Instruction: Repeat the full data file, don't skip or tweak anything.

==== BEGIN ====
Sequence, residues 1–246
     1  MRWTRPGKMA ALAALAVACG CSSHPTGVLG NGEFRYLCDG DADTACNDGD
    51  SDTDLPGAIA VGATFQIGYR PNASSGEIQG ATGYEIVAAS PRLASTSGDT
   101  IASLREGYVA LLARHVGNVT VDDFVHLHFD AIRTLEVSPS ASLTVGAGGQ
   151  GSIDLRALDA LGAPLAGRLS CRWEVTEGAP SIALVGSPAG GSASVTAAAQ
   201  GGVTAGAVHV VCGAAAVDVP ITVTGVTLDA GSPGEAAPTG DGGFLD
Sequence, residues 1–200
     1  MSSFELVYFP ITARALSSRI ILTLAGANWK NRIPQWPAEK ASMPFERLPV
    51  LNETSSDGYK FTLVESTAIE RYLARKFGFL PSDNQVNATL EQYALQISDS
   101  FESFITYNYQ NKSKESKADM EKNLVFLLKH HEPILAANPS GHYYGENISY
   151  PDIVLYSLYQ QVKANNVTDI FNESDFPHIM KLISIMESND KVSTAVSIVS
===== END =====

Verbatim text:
Sequence, residues 1–246
     1  MRWTRPGKMA ALAALAVACG CSSHPTGVLG NGEFRYLCDG DADTACNDGD
    51  SDTDLPGAIA VGATFQIGYR PNASSGEIQG ATGYEIVAAS PRLASTSGDT
   101  IASLREGYVA LLARHVGNVT VDDFVHLHFD AIRTLEVSPS ASLTVGAGGQ
   151  GSIDLRALDA LGAPLAGRLS CRWEVTEGAP SIALVGSPAG GSASVTAAAQ
   201  GGVTAGAVHV VCGAAAVDVP ITVTGVTLDA GSPGEAAPTG DGGFLD
Sequence, residues 1–200
     1  MSSFELVYFP ITARALSSRI ILTLAGANWK NRIPQWPAEK ASMPFERLPV
    51  LNETSSDGYK FTLVESTAIE RYLARKFGFL PSDNQVNATL EQYALQISDS
   101  FESFITYNYQ NKSKESKADM EKNLVFLLKH HEPILAANPS GHYYGENISY
   151  PDIVLYSLYQ QVKANNVTDI FNESDFPHIM KLISIMESND KVSTAVSIVS